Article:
Everyday Intolerance

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This is the sort of thing that goes on all the time but is rarely reported on. A woman working as a accounts analyst for an insurance firm is doing well in her job, she recently received a bonus and was well-liked. Then she requests time off for a religious holiday. A Wiccan religious holiday. Suddenly her performance is poor and she isn’t doing the job well enough, she is soon fired (and in many of these circumstances if not fired, the victims are “quitted” by being made miserable).

“Sommers, an accounts analyst, said when she requested a day off for a Wiccan holiday, she was told by a manager to keep her religion “to herself.” She said another supervisor who knew she practiced Wicca called her a devil worshipper in front of other employees. Sommers said that before revealing her religion she received a favorable review and a bonus. But after her supervisors knew about Wicca, she started getting warnings and told she wasn’t returning customer calls fast enough.”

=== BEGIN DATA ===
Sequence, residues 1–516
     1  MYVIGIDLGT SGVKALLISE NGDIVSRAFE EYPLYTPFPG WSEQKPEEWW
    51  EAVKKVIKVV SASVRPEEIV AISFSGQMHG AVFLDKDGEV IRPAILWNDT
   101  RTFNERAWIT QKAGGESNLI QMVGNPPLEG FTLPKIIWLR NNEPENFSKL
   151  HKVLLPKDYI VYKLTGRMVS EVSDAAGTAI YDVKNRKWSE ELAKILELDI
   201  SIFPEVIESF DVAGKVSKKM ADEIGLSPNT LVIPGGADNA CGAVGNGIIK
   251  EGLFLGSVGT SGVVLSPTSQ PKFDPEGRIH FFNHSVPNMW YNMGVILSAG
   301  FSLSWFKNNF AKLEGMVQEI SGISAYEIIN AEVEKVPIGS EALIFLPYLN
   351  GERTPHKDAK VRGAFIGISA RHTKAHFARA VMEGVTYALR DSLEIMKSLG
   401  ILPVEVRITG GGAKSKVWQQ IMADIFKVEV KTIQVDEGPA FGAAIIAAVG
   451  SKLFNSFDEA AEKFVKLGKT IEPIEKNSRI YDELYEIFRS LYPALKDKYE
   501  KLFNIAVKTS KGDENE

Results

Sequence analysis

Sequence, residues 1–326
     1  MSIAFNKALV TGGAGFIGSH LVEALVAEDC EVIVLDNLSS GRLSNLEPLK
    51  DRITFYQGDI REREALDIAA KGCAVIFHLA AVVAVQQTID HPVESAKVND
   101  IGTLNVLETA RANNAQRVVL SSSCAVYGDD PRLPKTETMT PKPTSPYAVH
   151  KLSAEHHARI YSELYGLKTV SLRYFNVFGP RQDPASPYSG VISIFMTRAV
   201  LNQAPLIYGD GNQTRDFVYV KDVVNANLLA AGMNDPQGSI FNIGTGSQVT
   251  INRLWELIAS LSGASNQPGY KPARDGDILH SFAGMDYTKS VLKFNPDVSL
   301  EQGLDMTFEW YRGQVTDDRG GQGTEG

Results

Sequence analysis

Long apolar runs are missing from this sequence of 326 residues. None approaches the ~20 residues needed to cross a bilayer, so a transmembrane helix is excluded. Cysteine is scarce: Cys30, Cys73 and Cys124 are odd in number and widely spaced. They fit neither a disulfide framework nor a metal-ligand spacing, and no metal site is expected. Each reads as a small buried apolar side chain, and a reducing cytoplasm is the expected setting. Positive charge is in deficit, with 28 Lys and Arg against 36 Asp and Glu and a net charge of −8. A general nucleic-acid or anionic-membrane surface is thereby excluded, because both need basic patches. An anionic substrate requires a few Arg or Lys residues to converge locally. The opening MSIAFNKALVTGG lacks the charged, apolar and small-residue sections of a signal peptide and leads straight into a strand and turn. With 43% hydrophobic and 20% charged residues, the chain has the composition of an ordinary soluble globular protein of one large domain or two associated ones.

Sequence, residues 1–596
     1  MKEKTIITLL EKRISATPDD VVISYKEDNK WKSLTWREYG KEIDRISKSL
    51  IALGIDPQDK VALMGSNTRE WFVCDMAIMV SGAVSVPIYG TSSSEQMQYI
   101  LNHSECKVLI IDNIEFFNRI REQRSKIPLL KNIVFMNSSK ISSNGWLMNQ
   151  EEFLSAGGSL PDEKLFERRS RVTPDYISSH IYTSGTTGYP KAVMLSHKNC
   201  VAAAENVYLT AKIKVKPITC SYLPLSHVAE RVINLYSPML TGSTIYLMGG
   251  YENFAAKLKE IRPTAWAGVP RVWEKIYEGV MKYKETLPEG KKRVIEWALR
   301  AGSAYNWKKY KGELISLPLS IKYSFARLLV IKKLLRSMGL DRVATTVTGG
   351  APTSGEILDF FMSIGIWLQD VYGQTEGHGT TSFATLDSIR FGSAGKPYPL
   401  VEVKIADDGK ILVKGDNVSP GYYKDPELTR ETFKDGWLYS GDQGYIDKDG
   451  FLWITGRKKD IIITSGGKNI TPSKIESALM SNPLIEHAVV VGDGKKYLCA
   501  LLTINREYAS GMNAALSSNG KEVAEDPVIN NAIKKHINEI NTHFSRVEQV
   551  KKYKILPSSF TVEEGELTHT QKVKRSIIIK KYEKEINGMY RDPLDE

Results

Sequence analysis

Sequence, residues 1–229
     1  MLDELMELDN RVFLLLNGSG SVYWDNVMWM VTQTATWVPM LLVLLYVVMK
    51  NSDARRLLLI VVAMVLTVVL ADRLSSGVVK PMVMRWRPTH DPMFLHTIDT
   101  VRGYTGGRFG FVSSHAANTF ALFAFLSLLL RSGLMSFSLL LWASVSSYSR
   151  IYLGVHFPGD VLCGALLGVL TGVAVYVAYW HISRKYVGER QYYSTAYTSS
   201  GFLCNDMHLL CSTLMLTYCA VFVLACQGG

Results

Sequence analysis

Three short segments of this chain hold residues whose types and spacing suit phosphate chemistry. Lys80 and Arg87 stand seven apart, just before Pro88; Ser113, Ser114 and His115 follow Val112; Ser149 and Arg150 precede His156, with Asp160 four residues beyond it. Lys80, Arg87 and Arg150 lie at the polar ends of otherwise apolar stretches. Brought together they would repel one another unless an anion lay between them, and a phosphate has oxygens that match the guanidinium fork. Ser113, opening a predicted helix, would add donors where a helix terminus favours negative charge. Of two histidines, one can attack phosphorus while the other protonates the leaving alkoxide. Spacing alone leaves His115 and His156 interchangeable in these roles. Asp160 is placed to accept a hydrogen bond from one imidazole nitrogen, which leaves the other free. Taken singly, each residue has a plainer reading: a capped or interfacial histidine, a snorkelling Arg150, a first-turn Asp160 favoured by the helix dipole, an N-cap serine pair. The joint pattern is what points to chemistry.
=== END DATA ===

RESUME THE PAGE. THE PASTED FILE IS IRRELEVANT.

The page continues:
The only recourse in most of these cases is suing the company (in this case it is Crawford & Company Inc.) and contacting the press. Unfortunately most can’t afford a lawyer, the ACLU is very selective about the cases it takes, and our anti-discrimination groups don’t have the funds or resources to get lawyers for these cases. Some have worried that the “mainstreaming” of modern Paganism would create watered-down faiths. I worry more for those who choose these paths, experience illegal discrimination, and we aren’t nearly “mainstreamed” enough to be able to protect our own.